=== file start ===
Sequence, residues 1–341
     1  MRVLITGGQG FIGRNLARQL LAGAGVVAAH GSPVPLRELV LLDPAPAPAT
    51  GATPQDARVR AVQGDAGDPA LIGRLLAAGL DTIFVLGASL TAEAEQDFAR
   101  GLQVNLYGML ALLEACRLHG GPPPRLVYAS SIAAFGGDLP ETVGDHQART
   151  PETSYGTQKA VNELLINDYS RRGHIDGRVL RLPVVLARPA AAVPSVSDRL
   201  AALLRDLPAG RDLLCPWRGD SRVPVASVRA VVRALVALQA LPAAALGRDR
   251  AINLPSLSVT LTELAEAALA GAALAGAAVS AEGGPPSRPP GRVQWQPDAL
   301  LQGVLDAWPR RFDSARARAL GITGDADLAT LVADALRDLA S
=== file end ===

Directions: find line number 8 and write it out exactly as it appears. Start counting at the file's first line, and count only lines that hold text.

   301  LQGVLDAWPR RFDSARARAL GITGDADLAT LVADALRDLA S